I was recently contacted by a customer who needed some technical support. After we got the issues fixed, he mentioned that he had Meniere’s disease. Among other symptoms, one of the major symptoms can be hearing loss, sometimes permanent. He told me that he has suffered relatively severe hearing loss in his left ear.
I have met several audiophiles who suffer from hearing loss for various reasons, and it’s always interesting to see how they continue their audiophile journey in spite of their hearing loss. In the case of this customer, he told me that his brain has been able to compensate for the hearing loss in one ear. Although the sound in his left ear is much lower and distorted, when listening to speakers, his brain is still able to compensate for the left ear and he can actually still listen critically and hear the subtleties of a given speaker system.
However, with headphones, it’s a different story. His left ear is so much lower, that with headphones, his brain is not able to compensate for the severe difference in sound.
He then told me that with Out Of Your Head, since it sounds like speakers in a room instead of headphones, it greatly improves the sound with headphones. Out Of Your Head allows him to listen critically with headphones, just like he does with speakers since he is listening to virtual “speakers” in a room with Out Of Your Head.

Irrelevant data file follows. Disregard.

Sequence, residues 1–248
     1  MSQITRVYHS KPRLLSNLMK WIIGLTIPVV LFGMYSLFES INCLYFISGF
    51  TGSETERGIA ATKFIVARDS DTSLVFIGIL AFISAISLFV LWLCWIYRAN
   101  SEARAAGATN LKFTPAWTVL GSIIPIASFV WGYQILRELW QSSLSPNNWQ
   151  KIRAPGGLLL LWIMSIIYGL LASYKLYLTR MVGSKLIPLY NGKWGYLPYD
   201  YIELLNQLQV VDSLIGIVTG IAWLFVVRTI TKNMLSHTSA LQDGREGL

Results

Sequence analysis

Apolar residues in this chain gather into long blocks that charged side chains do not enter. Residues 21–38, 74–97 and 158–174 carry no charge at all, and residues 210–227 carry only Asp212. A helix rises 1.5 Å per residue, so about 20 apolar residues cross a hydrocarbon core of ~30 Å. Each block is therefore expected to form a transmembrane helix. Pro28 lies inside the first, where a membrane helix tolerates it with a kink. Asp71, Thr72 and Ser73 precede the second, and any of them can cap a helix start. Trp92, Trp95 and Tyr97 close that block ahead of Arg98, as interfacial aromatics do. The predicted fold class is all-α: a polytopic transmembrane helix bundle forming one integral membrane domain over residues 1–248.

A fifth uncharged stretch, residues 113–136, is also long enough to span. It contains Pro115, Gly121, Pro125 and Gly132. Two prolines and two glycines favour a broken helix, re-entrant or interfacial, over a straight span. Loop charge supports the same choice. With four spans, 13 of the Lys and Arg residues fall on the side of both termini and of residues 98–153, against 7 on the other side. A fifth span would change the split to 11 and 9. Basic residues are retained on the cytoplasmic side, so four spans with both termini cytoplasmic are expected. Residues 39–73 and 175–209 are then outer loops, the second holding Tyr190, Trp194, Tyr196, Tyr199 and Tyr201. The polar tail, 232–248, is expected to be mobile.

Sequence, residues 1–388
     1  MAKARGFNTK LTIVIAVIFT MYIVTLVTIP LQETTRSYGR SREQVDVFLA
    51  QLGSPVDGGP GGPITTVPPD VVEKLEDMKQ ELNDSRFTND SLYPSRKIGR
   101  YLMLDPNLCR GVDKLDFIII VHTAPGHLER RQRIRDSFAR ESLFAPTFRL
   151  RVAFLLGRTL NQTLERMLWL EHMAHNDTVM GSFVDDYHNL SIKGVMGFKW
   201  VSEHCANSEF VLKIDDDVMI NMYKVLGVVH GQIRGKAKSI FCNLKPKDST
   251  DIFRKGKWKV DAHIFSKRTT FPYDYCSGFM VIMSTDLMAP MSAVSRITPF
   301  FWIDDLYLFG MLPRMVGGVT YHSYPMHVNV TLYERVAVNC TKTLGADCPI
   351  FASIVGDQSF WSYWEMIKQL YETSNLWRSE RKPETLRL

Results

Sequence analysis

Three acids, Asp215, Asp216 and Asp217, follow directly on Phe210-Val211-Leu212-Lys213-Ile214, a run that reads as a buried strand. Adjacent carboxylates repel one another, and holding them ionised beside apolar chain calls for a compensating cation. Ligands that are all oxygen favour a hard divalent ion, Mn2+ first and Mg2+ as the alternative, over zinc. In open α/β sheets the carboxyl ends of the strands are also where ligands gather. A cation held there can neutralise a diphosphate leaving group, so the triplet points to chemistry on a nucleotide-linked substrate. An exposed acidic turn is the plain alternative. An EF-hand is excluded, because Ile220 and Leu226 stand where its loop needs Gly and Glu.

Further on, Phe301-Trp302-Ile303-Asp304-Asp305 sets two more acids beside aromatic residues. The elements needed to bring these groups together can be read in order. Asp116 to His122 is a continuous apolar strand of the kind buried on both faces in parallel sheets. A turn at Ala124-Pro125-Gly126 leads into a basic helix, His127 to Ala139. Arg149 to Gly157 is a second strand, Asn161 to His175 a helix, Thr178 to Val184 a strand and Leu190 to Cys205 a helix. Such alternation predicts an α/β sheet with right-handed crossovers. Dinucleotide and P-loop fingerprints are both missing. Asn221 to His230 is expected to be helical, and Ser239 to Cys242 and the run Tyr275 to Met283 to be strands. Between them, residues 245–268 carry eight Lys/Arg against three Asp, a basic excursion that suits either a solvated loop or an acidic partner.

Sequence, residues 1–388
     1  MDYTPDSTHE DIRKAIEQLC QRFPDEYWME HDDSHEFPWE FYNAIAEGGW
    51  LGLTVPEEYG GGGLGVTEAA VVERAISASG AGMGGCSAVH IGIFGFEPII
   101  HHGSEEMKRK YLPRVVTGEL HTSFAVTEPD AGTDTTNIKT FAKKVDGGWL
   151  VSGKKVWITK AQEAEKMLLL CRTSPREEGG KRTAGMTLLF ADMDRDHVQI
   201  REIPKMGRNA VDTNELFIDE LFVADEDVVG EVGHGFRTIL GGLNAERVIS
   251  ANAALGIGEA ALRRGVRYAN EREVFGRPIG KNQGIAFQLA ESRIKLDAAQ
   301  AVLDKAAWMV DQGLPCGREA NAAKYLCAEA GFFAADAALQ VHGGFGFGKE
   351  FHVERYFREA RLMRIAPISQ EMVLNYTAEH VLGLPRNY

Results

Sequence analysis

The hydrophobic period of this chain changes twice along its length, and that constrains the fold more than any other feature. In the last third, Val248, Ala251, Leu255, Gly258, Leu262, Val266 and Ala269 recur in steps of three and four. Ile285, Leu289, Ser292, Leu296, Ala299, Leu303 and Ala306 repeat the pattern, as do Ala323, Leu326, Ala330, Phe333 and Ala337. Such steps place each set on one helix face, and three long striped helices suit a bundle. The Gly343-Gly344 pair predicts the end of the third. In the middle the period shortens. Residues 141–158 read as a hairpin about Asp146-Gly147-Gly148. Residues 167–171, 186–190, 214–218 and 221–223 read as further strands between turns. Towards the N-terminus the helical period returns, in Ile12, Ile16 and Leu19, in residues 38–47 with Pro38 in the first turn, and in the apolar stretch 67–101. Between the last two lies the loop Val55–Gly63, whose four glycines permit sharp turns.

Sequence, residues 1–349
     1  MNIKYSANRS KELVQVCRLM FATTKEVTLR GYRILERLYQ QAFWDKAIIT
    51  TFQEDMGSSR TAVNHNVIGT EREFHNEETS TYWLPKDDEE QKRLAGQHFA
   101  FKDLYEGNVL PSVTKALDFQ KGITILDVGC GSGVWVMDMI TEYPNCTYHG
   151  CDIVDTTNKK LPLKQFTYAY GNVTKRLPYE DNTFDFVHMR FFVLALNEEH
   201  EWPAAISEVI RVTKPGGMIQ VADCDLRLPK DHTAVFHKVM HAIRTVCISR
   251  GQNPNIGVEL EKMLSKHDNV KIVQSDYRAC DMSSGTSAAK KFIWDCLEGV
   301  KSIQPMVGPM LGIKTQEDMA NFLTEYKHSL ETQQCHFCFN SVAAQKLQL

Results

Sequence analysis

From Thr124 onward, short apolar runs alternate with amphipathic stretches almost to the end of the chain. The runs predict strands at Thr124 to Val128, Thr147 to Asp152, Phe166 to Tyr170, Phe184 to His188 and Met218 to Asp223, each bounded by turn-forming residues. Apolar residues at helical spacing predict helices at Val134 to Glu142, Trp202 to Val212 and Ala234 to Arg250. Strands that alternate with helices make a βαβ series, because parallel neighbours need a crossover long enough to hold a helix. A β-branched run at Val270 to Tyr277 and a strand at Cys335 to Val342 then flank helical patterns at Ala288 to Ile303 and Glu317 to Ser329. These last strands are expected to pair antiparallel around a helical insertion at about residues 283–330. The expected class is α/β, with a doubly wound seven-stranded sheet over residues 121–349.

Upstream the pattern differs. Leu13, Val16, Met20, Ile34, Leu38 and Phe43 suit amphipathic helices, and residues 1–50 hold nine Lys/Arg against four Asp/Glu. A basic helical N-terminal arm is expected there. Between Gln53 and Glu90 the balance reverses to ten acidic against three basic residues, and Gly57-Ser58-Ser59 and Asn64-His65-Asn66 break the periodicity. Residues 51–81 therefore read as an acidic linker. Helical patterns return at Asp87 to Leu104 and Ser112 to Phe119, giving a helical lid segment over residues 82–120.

One other possibility, which is unique to Out Of Your Head, is that he can change the balance of the Out Of Your Head output to compensate for his hearing loss. In doing so, he can hear a room with speakers, BUT increase the audio level to only his left ear! With real speakers, you can’t just turn up the left speaker since that would make it louder for both the left and right ears. But with Out Of Your Head, he can just turn up the sound to his left ear and not the right ear. Essentially he can listen to speakers with compensation built-in for his left ear. This is simply not possible with real speakers.
The customer theorized that something about the sound of each speaker reaching both the left and right ears helps his brain compensate for his hearing loss in one ear. But with headphones, this does not happen. Only the sound from the left channel goes to the left ear and the same for the right. But with Out Of Your Head, you hear what you hear when listening to speakers, so some sound from the left speaker reaches the right ear and vice-versa. This gives him a much better listening experience using Out Of Your Head with headphones.
When I developed Out Of Your Head, I thought of a lot of possible applications for the software, but I never imagined it could help people with hearing loss. This customer telling me that Out Of Your Head gives him greater enjoyment of his music was so rewarding to hear. Whether this software succeeds or fails is no matter. If it has helped one person, that’s enough for me.